• augustoperez

          I know I’m being hopeful, but assuming that Moose gets back on track, and his splits are not as marked as last season, Hosmer, Butler, Gordon, Perez and Moose (in almost any order depending on the starter) behind aoki and Infante could be a steep proposition for a lot of pitchers. I see plate discipline as the rising issue in wringing the most out of our particular type of offense. As for Hosmer, IMPO, he can be a .300 hitter, but with a lowered power expectation. If you want to pop it out of the K, you will give up some hits and doubles. For our offense, he will have to pattern himself after Billy Butler and make contact and OBP paramount over power.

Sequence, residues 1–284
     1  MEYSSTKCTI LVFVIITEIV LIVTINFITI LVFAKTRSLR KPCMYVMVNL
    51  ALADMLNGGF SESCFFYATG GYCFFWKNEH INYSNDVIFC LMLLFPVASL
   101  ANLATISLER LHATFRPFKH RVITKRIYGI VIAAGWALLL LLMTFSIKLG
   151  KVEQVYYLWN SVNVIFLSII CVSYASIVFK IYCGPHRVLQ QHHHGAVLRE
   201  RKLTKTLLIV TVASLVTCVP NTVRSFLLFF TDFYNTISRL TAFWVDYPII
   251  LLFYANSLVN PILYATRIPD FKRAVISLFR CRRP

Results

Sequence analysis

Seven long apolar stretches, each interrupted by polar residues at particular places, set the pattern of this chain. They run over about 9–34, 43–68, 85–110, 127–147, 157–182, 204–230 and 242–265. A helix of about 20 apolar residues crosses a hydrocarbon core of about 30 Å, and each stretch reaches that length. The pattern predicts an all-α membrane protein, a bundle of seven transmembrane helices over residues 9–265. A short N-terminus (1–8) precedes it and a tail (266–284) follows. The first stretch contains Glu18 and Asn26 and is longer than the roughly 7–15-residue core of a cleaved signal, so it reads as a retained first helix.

• jimfetterolf

    If Billy has Gordon or Hosmer batting behind him he could easily equal those numbers.

  • moretrouble

    If Aoki and Infante fill it up this year, the middle of the order will see more FB’s and better pitches to hit. It could be a big year. Let’s hope so.

  • moretrouble

    I can see you have a sense of humor, David. The picture accompanying this article is a very ugly swing by Hosmer. He was badly fooled on that pitch — I’m guessing by an off-speed pitch — he’s out on his front foot, he’s swinging more than one bat thickness under the ball, arms fully extended way too early, he’s not opened his hips properly — wow. Kind of reminds me of myself, LOL.

    • Dave Hill

      Just couldn’t pass up the opportunity with that picture. The swing reminded me of my own exploits in the batter’s box as well – that’s part of why I pitch.